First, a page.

Absinthe now legal, no longer cool

The United States recently approved the sale of absinthe, and many people around the country are just now getting their first experiences with the potent, anise-flavored spirit. Absinthe, famous for supposedly inspiring creativity in the likes of Hemingway, Picasso, and Gaugin, has been banned in the United States since the early 1900s, but a version of the drink was approved for sale earlier this year.

Over at Salon, a new article debunks some myths surrounding absinthe, just as the New York Times did almost a year ago.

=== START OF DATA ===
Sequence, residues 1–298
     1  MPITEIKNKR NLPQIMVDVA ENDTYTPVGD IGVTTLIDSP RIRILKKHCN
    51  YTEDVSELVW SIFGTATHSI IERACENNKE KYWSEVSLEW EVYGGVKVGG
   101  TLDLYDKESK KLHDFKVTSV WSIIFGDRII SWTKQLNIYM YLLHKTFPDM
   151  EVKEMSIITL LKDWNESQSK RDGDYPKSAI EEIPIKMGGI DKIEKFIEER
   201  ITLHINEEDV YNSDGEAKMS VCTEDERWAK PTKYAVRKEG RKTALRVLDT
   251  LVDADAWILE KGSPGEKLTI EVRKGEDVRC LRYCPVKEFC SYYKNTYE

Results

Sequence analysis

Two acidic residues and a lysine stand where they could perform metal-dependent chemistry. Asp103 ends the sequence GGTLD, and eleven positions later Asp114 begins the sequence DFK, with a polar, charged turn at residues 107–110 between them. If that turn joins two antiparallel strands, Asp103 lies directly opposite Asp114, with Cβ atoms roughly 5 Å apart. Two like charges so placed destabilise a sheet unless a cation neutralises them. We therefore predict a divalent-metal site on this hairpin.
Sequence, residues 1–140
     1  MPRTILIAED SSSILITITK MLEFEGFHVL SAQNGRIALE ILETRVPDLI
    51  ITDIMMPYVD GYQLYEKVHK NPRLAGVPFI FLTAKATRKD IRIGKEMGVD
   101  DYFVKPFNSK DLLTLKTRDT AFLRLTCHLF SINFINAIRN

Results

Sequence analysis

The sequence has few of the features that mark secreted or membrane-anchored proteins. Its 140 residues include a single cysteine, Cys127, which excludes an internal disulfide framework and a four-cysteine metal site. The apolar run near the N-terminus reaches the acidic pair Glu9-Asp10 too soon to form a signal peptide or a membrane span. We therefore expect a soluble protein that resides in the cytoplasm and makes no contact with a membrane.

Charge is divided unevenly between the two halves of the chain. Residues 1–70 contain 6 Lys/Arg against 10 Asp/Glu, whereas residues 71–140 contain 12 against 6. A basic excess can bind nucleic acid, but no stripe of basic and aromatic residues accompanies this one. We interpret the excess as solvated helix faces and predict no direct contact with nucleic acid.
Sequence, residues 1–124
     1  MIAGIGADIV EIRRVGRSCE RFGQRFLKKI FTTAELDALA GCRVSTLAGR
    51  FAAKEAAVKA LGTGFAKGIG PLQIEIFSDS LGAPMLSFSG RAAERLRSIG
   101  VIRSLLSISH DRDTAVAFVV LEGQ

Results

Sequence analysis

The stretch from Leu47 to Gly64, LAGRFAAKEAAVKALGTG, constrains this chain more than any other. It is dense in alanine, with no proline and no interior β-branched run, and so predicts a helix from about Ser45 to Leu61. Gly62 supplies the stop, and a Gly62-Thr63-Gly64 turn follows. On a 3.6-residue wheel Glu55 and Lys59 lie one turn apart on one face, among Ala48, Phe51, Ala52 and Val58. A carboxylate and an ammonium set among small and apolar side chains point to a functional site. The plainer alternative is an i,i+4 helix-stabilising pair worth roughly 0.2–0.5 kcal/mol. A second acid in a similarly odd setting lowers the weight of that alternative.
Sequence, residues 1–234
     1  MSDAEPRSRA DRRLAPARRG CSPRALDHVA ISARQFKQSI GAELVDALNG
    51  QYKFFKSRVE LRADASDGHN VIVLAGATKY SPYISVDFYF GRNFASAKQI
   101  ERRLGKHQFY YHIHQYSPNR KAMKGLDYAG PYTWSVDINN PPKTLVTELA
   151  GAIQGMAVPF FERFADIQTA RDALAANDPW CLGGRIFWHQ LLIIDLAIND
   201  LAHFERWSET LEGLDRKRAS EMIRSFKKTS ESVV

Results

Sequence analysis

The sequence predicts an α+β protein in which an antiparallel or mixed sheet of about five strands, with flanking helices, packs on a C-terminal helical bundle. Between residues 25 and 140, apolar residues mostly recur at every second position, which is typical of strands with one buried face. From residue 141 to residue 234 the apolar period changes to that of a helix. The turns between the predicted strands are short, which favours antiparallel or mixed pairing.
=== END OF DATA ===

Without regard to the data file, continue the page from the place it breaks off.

From my own limited personal experience in Prague, I can attest that the author of the Salon article is being very kind when she says absinthe is an “acquired taste.” I found that even after following the traditional sugar cube/slotted spoon ritual, it felt like downing a glass of very bitter rubbing alcohol. And no, I didn’t see any green fairies.

I didn’t meet anyone in Prague who drank absinthe on a regular basis (though I’m sure some do), and in general, it seems to be consumed for the sake of novelty (as in my case) more than anything else.

For more first-hand reports of experiences with absinthe, go here.

(Kids, take note: Drugs are inferior to hugs, and stay in school.)